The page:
Two LGBTQ+ books back on shelf in Kent, WA, Middle School; New challenge on the bridge

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Earlier this year, we reported on three books quietly removed from a college in Kent, Washington. Gavin Downing, a school librarian at Cedar Heights Middle School, saw three LGBTQ+ books quietly removed from the collection by the school principal, in a move that did not follow challenge procedures. There had been no formal challenge to any of the titles.

Two of the three books have been returned to the collection. A third, however, has now been formally challenged.

A parent of a Cedar Heights Middle School student has filed a reconsideration form for Jack of Hearts (and Other Parts) by LC Rosen. The plaintiff, a former Kent School District employee, points to many of the same passages seen across the country for the book, calling the book inappropriate for a college setting. In the form, age is specifically addressed, noting that a book for ages 14 and older is inappropriate in a school for students in grades 6-8, because “[t]he majority of students entering grade 8 are 13 years old. With 6th graders expected to join middle school, we will have students as young as 10 entering school. Apparently, these eighth graders who turn 14 are not members of this school community.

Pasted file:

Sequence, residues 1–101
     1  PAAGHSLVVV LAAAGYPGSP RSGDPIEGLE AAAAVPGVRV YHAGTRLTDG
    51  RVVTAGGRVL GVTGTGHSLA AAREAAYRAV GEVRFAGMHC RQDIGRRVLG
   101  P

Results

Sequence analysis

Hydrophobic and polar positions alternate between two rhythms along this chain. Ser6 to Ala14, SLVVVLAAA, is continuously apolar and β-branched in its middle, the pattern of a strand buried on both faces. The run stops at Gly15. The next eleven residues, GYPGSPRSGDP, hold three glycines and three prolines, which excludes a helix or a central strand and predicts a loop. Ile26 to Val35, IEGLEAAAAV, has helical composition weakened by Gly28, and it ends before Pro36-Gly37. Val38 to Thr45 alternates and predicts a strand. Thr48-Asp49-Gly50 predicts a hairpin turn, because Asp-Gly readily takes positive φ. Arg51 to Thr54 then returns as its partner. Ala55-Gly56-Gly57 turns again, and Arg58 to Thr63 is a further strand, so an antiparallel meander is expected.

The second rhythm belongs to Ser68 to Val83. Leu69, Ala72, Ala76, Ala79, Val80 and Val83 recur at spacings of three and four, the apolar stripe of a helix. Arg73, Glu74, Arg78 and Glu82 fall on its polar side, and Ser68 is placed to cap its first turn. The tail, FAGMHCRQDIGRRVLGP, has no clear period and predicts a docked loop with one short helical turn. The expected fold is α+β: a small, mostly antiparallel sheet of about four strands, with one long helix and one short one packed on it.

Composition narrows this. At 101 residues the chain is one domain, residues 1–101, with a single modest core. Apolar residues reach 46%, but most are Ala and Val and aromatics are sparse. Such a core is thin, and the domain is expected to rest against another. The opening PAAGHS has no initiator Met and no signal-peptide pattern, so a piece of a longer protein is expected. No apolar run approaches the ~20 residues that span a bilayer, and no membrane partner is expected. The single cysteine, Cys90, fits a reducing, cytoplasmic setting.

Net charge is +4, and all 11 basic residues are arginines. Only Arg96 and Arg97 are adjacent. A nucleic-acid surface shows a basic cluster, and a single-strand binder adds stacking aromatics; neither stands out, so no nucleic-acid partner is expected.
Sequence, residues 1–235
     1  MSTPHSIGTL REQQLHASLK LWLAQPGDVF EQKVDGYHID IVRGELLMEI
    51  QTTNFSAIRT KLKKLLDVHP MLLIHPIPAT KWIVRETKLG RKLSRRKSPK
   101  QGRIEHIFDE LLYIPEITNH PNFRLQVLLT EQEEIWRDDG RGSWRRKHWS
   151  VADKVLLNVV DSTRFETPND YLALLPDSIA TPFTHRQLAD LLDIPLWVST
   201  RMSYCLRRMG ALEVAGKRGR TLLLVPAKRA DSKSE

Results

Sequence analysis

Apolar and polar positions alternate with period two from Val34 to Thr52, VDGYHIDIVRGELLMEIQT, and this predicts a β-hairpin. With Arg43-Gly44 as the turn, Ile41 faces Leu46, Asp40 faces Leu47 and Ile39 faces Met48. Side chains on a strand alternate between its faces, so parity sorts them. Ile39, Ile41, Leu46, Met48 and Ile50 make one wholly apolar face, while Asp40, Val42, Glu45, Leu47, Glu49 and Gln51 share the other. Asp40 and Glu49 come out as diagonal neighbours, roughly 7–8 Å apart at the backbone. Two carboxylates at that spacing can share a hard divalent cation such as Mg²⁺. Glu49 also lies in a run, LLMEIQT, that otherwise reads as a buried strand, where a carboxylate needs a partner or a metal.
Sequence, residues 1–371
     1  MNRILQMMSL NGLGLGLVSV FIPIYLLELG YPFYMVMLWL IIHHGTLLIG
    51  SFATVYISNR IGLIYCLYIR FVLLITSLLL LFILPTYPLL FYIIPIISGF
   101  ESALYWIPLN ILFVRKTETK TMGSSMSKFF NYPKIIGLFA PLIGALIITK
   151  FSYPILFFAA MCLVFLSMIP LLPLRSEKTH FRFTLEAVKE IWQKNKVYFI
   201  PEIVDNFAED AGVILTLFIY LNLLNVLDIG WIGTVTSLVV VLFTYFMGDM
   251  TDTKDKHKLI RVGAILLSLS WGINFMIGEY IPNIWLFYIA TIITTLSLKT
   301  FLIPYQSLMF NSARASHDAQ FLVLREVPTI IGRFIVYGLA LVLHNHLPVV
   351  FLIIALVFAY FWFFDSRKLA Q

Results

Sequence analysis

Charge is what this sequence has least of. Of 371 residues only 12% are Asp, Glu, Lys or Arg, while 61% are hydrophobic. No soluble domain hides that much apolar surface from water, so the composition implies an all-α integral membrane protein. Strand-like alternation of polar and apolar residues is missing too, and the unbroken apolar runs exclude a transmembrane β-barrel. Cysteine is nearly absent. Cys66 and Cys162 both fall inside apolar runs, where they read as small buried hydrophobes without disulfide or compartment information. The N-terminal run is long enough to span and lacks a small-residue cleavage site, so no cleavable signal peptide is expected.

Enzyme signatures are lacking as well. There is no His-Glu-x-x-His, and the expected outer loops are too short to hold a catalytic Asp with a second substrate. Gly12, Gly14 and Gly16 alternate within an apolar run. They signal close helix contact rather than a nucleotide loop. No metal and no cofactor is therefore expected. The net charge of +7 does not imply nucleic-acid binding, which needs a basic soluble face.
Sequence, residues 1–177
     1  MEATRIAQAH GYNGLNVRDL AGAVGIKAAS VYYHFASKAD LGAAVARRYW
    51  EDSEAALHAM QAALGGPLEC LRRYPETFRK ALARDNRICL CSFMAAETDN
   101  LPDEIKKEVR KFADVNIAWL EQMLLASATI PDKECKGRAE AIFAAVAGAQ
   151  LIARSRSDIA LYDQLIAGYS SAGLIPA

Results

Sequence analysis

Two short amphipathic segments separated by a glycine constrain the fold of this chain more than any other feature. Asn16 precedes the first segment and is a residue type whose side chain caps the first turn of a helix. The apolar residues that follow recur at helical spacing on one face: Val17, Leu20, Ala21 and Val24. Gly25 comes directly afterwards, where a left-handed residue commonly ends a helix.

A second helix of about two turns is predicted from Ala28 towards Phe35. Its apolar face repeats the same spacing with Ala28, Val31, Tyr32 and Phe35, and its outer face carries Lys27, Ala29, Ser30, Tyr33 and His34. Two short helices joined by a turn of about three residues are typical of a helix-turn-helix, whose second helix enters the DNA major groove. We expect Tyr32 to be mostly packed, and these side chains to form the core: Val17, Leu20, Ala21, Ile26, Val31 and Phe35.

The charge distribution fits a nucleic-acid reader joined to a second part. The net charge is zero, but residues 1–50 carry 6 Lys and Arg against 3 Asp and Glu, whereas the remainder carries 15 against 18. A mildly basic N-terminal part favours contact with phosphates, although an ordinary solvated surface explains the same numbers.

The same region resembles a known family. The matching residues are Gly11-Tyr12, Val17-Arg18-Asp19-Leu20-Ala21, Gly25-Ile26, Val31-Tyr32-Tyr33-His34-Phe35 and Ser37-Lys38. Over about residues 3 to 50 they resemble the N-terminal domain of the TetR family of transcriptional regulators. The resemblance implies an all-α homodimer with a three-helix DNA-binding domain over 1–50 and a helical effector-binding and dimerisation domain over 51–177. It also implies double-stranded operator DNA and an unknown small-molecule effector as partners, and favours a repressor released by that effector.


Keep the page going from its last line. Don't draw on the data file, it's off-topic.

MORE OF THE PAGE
The complaint further explains that exposure to “explicit material” such as this book harms college students and that the book’s single-paragraph language would warrant an R rating, if it were a movie.

Downing provided a 20-page, research-based response to the complaint, which can (and should) be read in full here. It specifically notes the need to reach all students within a community, as well as a body of research on the role that exposure to queer-positive literature has for students of any identity. It also notes the convenient research elements omitted from the formal complaint.

The person who filed the complaint currently has no children enrolled in Cedar Heights Middle School. Jack of hearts (and other parts) is a frequent traveler among the book’s challengers, and in local Washington “parental rights” groups, it’s a shared headline with an array of talking points that encourage adults to challenge. One post in particular is casting doubt on the entire examination process in the Kent School District after the failure of early book removals, which were done quietly outside of the formal process.

The book will go through the formal review process and, per procedure, will likely end up before the school board for discussion. Downing remains cautiously optimistic that the book will remain available to students after review.

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